As the COVID-19 virus grew from a localized outbreak in Wuhan, China into a full-scale global pandemic, the 2020 Summer Olympics in Tokyo was postponed and subsequently rescheduled to take place from July 23 through August 8, 2021.
Never before in world history had the Olympics been postponed and then rescheduled, ensuring the upcoming Tokyo 2020 Olympics will be a marker in the historical record.
Something else that the Tokyo 2020 Olympics will be known for: the first time a biological male will compete against biological females on the world stage.
New Zealander Laurel Hubbard, a biological male, has become the first transgender athlete to qualify for the Olympics in any event.
Hubbard, who was named Gavin Hubbard by his parents, is likely to win a powerlifting medal, as he “won a silver medal in the over-90 kilogram competition at the 2017 World Championships and gold in the over-87 kilogram competition at the 2019 Pacific Games.” He won the medals in the female events.
Also for the Tokyo 2020 Olympics, Anna Vanbellinghen of Belgium has qualified in the over-87-kilogram super-heavyweights category, the same event as Hubbard.
Now, Vanbellinghen is speaking out about how she views Hubbard’s competition in the event as unfair.
She recently told Inside the Games, “Anyone that has trained weightlifting at a high level knows this to be true in their bones: this particular situation is unfair to the sport and to the athletes.”
Vanbellinghen also spoke about the inherent biological advantages men have over women when it comes to competitive sports.
“Why is it still a question whether two decades, from puberty to the age of 35 (Hubbard’s age when he began transitioning), with the hormonal system of a man also would give an advantage [in competing against women]?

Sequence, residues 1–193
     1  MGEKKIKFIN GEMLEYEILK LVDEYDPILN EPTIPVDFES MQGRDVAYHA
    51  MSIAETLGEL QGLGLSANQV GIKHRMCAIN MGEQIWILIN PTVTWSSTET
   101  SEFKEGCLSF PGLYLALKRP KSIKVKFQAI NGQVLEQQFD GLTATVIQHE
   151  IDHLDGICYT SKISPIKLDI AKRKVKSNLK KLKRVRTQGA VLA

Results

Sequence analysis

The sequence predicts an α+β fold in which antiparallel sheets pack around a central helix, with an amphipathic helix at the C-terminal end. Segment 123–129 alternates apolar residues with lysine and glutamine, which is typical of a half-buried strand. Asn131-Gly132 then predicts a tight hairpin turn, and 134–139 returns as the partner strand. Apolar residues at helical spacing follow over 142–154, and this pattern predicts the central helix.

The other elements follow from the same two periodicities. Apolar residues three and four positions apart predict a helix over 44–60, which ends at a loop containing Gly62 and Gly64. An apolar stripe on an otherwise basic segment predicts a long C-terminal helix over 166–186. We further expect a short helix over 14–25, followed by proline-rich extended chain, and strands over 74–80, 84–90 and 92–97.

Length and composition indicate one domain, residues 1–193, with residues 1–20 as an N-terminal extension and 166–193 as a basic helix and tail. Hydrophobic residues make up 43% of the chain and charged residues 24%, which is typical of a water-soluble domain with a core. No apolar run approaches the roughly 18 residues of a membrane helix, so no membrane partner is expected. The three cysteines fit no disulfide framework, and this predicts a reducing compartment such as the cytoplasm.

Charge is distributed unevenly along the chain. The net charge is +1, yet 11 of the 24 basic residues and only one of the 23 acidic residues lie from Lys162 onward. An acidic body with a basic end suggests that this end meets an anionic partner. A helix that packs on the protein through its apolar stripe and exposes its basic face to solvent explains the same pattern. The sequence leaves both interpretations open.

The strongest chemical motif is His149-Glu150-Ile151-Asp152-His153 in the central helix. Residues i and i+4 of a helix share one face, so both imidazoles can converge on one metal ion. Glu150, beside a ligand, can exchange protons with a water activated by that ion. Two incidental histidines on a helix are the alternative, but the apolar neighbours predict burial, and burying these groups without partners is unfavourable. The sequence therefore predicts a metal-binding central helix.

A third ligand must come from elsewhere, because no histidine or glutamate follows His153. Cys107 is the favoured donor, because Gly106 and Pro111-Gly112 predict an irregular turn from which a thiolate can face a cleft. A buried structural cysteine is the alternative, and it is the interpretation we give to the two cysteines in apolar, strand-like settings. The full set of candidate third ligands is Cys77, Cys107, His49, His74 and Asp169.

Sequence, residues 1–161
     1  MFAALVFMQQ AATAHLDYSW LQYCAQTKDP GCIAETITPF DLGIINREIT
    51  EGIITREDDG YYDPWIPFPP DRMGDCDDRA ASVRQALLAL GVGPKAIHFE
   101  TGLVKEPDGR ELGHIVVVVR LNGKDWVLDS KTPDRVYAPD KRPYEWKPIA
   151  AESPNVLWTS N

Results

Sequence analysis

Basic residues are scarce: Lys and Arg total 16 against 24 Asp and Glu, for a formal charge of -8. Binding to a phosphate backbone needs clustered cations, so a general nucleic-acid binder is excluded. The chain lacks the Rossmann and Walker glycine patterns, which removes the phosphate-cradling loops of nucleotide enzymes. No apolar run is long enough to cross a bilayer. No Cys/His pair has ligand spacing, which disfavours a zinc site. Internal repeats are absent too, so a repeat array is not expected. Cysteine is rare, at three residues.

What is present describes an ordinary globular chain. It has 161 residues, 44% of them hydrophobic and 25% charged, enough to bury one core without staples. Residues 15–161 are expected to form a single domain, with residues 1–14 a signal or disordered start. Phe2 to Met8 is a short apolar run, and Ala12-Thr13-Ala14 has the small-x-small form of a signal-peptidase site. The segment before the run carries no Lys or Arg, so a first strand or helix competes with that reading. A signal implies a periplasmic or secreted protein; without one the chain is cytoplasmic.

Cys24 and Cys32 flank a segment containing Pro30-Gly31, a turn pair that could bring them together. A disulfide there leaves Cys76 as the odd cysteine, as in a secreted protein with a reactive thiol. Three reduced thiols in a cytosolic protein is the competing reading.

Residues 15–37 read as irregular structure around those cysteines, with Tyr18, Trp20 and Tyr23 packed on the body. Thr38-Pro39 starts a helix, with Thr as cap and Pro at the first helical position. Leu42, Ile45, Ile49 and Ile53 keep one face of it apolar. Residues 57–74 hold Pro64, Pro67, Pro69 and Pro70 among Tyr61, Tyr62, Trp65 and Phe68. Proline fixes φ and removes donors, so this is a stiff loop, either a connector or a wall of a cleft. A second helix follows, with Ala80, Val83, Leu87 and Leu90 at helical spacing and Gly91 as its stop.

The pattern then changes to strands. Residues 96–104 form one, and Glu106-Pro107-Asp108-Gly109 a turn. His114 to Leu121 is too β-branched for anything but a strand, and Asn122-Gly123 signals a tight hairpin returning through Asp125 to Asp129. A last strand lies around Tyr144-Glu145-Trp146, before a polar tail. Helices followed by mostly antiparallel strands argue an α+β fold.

“I understand that for sports authorities nothing is as simple as following your common sense, and that there are a lot of impracticalities when studying such a rare phenomenon, but for athletes the whole thing feels like a bad joke.
“Life-changing opportunities are missed for some athletes – medals and Olympic qualifications – and we are powerless…
“The extreme nature of this particular situation really demonstrates the need to set up a stricter legal framework for transgender inclusion in sports, and especially elite sports. Because I do believe that everyone should have access to sports, but not at the expense of others,” Vanbellinghen said.
According to the International Olympic Committee’s (IOC’s) policy enacted in 2015, biologically male athletes who begin to identify as female are eligible to compete in the female category under the following conditions:
- “The athlete has declared that her gender identity is female.”
- “The athlete must demonstrate that her total testosterone level in serum has been below 10 nmol/L for at least 12 months prior to her first competition.”
- “The athlete’s total testosterone level in serum must remain below 10 nmol/L throughout the period of desired eligibility to compete in the female category.”
- “Compliance with these conditions may be monitored by testing. In the event of non-compliance, the athlete’s eligibility for female competition will be suspended for 12 months.”
For this year’s Olympics, there will be just one biologically male athlete competing against females. But what about the 2022 Winter Olympics in Beijing? Or the 2024 Summer Olympics in Paris?
If the IOC’s policy isn’t reversed or modified, could we soon see, for all intents and purposes, the end of women’s competitions in the Olympics?
We may soon find out.
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